[Editor's Note: This article is spoiler-free.]

The popular HBO series Game of Thrones is ending its third season this Sunday, amid fan concerns over its rapidly dwindling cast of characters. The show is based on George R.R. Martin’s intricate fantasy series, A Song of Ice and Fire, which has become an inspiration for commentary of all stripes. And while its complex and morally ambiguous characters have attracted many political and literary analysts, there are important economic lessons to be learned from the books as well.

Martin’s story touches on a variety of economic issues, from the implications of not having an economic system at all, to the problems of money and public finance. In another article (and in an interview), we have discussed these latter problems, and explained how the rulers of the continent of Westeros resort to the traditional methods of public finance: taxation, borrowing, and inflation.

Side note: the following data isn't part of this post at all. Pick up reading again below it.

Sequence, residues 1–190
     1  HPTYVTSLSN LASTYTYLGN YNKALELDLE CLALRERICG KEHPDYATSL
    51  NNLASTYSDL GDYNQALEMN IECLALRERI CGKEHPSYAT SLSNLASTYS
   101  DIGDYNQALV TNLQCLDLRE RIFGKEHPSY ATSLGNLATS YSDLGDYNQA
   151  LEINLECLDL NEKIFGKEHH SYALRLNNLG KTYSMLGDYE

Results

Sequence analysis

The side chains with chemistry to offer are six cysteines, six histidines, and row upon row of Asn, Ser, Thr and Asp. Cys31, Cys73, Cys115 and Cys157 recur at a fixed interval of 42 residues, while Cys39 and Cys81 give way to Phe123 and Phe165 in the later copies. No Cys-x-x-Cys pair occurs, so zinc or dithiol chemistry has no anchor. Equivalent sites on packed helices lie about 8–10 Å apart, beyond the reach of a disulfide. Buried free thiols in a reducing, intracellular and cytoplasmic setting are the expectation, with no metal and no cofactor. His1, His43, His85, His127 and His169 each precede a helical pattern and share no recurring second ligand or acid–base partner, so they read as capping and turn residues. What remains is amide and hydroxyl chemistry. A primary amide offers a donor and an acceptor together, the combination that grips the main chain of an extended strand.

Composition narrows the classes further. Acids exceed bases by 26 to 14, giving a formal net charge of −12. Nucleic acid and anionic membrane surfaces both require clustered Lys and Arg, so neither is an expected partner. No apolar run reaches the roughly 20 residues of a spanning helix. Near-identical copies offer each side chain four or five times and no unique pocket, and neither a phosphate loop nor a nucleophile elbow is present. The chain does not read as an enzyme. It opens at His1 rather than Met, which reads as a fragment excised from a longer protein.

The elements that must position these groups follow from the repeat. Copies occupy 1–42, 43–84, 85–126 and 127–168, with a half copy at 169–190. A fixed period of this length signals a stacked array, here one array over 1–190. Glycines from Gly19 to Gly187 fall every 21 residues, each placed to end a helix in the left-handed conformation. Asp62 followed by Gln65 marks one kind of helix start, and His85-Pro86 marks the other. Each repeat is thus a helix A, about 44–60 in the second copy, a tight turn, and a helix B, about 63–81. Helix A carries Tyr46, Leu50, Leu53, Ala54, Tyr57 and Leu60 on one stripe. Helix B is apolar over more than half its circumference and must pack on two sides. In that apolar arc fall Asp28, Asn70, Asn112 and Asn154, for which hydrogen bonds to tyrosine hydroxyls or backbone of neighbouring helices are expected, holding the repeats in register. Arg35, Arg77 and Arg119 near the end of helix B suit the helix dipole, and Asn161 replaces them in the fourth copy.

The Political and Economic Means

In this article we will be discussing some of the other economic implications of the series, especially ideas about the social order and the role that peaceful cooperation, trade, and money play in the organization of society. Franz Oppenheimer famously distinguished between the “political means” and the “economic means” of organizing society. The former involves the forcible redistribution of wealth; wealth, however, is only created by those involved in the economic means of organization, which consists of peaceful production, trade, and exchange (1926, pp. 24-27).

This distinction shines through quite clearly in A Song of Ice and Fire. For instance, peoples as different as the Dothraki and the ironmen are stark examples (no pun intended) of the political means. Both societies produce little or nothing of their own, instead thriving on violence and plunder. A perfect illustration is found in the “words” (motto) of House Greyjoy, which proclaim, “We Do Not Sow.” The implication of course is that the men of the Iron Islands only reap the fruits of what others have sown.[1] The Greyjoy words are a very apt description of the state, which is a fundamentally parasitic institution depending for its survival on the plundering of a productive populace.